The Art of War by Sun Tzu

The Art of War by Sun Tzu

Written around 500 BC The Art of War is a brief read on how to be successful in war. Broken into tactics: Laying Plans, Waging War, Attack by Stratagem, Tactical Disposition, Energy, Weak Points and Strong, Maneuvering, Variations in Tactics, The Army of the March, Terrain, The Nine Situations, The Attack by Fire, and The Use of Spies.

Following the tactics described by Sun Tzu can predict the outcome of war.

All warfare is based on deception.

Sun Tzu says:

To win the war one must make calculations, Know thy enemy. In business and life, seek first to understand. Study. Calculate. Prepare. Engage.

The Navy Seals have a saying that goes: “We don’t rise to the level of our expectations, we fall to the level of our training.” Take this mentality to everyday life.

Water shapes its course according to the nature of the ground over which it flows; the soldier works out his victory in relation to the foe whom he is facing.

Sun Tzu says:

Change is the only constant is a concept Yuval Noah Harari mentions in his book 21 Lessons for the 21st Century. Be able to adapt constantly. One of the reasons I started the challenge of reading 100 books in 2019 is because of this concept. Our minds create a box of perceptions and education expands the box. The doorway out of the box starts with “I don’t know.”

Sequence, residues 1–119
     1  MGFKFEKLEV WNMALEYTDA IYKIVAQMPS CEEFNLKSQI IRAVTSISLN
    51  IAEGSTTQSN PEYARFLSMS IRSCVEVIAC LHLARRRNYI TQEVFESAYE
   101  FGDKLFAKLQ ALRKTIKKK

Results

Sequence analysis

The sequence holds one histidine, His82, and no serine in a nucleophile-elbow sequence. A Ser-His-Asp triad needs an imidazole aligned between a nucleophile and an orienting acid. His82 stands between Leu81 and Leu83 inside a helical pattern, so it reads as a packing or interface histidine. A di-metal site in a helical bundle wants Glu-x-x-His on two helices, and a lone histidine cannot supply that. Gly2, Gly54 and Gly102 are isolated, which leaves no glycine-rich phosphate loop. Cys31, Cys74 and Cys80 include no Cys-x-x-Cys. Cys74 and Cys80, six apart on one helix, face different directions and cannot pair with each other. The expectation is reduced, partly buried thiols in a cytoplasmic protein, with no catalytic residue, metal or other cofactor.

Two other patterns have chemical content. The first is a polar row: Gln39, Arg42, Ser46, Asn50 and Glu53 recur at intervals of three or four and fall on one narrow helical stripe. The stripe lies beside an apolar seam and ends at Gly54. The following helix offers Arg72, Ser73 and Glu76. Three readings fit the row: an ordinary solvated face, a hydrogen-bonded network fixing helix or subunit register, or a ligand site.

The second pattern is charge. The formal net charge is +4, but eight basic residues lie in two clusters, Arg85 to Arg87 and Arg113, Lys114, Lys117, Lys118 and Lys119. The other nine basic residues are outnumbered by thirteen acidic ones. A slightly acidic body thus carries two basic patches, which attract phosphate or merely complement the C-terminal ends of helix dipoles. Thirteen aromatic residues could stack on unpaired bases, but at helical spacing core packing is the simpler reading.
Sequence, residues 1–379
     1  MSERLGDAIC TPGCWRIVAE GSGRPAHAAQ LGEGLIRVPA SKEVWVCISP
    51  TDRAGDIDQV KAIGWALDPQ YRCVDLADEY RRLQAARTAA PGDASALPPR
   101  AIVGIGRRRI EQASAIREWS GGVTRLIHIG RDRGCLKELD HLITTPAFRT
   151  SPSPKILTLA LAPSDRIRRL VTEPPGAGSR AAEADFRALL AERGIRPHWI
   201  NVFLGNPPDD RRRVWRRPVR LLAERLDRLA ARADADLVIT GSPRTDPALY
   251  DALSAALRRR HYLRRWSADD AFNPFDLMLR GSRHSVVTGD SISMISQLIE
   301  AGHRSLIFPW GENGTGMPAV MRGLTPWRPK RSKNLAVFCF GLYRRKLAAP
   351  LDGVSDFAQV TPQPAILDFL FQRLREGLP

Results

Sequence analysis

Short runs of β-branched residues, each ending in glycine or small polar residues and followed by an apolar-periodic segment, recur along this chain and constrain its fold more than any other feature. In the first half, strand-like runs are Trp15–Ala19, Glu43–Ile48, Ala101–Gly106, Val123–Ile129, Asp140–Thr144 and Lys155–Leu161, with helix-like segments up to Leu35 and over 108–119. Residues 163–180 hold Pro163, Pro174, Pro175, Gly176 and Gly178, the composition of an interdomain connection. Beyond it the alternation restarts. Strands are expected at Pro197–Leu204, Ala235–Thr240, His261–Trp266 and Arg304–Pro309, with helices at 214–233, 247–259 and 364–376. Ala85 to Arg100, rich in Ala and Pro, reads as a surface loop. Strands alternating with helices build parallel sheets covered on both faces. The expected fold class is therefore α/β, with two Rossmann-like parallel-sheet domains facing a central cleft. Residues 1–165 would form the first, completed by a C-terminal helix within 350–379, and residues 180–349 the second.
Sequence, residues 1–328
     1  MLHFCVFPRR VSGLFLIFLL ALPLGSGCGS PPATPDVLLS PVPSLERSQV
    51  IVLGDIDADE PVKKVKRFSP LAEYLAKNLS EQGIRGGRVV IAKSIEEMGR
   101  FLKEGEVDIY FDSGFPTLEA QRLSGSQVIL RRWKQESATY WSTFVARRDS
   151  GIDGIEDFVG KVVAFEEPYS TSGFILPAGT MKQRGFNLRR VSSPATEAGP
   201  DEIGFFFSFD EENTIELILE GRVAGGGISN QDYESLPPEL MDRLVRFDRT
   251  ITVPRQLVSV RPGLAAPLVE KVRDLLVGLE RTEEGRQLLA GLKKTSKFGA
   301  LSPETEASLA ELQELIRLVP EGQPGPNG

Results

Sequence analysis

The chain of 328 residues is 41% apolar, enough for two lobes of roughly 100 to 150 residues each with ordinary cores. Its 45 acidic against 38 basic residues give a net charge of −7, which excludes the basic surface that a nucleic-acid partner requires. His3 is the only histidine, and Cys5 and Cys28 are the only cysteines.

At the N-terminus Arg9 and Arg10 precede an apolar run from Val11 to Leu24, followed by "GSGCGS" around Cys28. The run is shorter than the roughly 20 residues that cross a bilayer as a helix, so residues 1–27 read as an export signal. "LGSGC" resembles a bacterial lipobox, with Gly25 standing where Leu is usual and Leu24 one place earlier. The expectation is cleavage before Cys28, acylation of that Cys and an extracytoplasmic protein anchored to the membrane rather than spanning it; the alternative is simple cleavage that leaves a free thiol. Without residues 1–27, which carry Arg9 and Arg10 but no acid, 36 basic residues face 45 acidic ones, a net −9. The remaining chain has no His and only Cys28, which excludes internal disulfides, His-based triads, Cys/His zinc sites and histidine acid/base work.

Move not unless you see advantage; use not your troops unless there is something to be gained; fight not unless the position is critical.

Sun Tzu says:

Each move should be calculated. We have a limited amount of energy. Also, we have a limited amount of time in a day. 24 hours we are all given. Minus 8 hours for sleep. Minus 8 hours for work. This leaves us with 8 hours remaining. What one does in those remaining 8 hours will determine who one becomes. Become conscious of your time.

Time-management is a trait that has recently taken much importance in my life. Working in a hostel and a part time job my time is limited. Guests from all walks of life come and go. Most of the time it is their first day of vacation and want to go out and have fun inviting me along. To say yes to everyone would mean my energy — financial, mental, physical — would be drained. Learning the art of saying no has opened up my mind to see the opportunities that were always there.

I read The Art of War by Sun Tzu in one sitting but didn’t understand how the words written could be used in everyday life. I sat on the words for a while. Also, there is a documentary on the history channel about Sun Tzu’s The Art of War that helped break down the teachings.

Sun Tzu’s teachings can be seen used in many wars throughout history (Vietnam, WWII..)

For a quick read, The Art of War by Sun Tzu is both strategy and holistic. Grab a copy here and enjoy!

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